3datachainsThis week, one of our customers was completing their quarterly marketing report. She was wallowing in data as she attempted to complete nearly 500 input fields in her excel doc! I could sense her frustration. Five hundred fields, yikes!

Part of the reason she is collecting so many numbers is that the metrics for the marketing organization and the relationship between the various data elements are not clear.

Selecting the right performance metrics and developing an actionable marketing dashboard is something many organizations are grappling with. In addition to internal factors, good data is vital to the success for both of these.

Developing a set of metrics targets and creating a dashboard both require having the ability to access quality data. For example, it’s fairly difficult to connect the dots between a marketing program or product trials and customer acquisition or market share. As you tackle measuring marketing, a key part of the work will be determining whether you have the data you need in relation to the opportunity pipeline (contact, leads, marketing and sales qualified leads, deals), customer usage, purchasing and sales history, new product development, partners, revenue, market share, etc.

You need the data to measure marketing’s value, determine how well marketing is moving the needle, and/or how well marketing is aligned with the rest of the organization and the overall strategy.

You can avoid the vicious cycle by developing clear data chains between marketing activities and business outcomes. These data chains help identify the data elements and their relationships so you can focus on capturing, managing, and analyzing the right data sets.

This process also help you define what data elements you have and/or need in your inventory in relation to the customer, pipeline, competition, new product, sales/revenue, accuracy/quality of the data, etc.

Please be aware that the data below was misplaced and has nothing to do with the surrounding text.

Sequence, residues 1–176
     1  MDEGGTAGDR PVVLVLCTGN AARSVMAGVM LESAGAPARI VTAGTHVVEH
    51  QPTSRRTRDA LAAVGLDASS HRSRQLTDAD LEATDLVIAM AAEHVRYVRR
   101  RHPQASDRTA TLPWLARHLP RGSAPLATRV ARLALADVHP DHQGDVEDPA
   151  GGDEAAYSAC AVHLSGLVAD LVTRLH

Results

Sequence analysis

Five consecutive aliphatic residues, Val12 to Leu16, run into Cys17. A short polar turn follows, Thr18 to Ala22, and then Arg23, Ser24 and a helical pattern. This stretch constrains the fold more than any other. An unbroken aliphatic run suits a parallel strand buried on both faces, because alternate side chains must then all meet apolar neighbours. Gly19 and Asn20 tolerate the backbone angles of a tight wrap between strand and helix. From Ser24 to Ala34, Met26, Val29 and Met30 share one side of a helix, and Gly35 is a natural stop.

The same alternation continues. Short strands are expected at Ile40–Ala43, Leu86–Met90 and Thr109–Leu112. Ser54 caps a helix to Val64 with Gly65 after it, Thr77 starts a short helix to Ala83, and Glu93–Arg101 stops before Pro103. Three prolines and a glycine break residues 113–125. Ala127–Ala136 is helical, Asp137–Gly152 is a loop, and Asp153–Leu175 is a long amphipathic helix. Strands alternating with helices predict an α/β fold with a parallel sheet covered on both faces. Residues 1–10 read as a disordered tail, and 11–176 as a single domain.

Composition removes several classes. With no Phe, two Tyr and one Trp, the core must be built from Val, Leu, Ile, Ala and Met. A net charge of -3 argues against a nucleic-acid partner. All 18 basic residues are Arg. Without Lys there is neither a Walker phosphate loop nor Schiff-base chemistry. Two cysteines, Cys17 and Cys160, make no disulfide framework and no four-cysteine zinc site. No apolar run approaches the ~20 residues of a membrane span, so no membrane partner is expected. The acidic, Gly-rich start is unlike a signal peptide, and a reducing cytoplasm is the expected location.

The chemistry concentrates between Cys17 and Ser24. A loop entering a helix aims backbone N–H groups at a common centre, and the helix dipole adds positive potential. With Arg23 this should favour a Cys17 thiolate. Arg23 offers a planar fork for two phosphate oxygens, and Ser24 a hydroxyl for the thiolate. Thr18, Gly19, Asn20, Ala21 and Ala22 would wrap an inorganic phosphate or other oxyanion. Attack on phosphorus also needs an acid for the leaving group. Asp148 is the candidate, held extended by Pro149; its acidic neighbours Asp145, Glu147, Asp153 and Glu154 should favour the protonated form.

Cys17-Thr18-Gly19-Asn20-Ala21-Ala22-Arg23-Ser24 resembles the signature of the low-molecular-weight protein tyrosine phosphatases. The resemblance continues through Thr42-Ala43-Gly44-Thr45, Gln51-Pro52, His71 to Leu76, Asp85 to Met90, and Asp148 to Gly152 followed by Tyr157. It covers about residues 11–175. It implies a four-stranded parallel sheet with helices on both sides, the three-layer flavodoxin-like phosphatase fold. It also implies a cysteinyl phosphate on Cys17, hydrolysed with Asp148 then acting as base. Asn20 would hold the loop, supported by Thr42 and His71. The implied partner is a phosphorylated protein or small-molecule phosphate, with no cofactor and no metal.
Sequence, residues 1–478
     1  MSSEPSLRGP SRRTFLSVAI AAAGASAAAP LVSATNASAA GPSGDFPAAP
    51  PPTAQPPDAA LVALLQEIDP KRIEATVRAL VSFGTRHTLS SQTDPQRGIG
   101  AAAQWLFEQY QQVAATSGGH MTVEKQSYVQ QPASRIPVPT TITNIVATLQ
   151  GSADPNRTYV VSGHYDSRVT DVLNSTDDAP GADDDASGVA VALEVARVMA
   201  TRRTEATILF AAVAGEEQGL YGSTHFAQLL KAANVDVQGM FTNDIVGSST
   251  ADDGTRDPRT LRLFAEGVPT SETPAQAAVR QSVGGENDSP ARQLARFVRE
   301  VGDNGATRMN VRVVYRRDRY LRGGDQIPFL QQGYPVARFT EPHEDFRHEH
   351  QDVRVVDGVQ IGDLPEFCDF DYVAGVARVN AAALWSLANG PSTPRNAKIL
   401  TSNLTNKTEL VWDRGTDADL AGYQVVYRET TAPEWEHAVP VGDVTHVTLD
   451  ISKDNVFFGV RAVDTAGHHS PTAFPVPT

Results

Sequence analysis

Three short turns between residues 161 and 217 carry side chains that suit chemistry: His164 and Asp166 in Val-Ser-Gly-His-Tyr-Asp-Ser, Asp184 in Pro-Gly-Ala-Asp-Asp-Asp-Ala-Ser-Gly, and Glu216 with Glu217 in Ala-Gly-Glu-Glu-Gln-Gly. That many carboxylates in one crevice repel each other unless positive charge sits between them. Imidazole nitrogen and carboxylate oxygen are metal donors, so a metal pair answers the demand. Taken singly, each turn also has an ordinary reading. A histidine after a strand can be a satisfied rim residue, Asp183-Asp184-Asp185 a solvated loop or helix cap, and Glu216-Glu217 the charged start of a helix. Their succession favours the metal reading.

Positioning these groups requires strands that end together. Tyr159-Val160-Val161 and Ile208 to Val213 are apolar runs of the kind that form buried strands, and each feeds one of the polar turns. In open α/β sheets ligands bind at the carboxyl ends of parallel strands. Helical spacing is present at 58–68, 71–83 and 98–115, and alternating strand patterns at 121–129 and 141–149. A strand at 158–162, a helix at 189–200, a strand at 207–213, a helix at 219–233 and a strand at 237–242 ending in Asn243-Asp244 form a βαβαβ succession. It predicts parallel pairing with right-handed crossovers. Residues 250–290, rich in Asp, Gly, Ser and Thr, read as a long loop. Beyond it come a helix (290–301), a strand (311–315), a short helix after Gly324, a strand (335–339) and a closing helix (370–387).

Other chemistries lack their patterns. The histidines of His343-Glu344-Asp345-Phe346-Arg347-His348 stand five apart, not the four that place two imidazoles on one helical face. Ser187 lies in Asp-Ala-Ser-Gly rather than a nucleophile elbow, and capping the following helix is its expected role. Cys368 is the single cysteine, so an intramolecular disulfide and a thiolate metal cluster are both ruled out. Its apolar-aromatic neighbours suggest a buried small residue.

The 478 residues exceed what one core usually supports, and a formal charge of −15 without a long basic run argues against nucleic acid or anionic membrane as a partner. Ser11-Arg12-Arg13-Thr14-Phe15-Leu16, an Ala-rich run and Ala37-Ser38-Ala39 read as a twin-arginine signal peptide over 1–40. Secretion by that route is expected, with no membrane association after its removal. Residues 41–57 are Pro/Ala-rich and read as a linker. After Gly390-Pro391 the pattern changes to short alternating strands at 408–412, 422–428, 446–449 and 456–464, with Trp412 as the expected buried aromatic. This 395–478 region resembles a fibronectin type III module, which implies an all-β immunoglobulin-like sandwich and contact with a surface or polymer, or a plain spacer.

Data chains provide an efficient way to address data gaps and potential data inaccuracies.

For those of you investing in business intelligence tools and various marketing and sales software systems, remember to put the necessary checks and balances to evaluate the usage and quality of the data. The most expensive new system in the world won’t help you do a better job of measuring marketing if there isn’t a clear idea of what data you need, when you need it, and in what format. None of the above matters if the quality of the data is suspect in the slightest.

Across the board, marketing organizations have realized that there is not only a need but a DEMAND for quality metrics that are effective and actionable. Although many marketers have taken the time to gather the data and create corresponding dashboards, we seem to forget our original intent in creating them: to make our decisions and actions more transparent and justifiable.

Everyone loves a handy tool, so why not take the time to create some that will be of genuine use in your decision making process?

By Laura Patterson, President and Founder, VisionEdge Marketing

Laura Patterson I @LauraVEM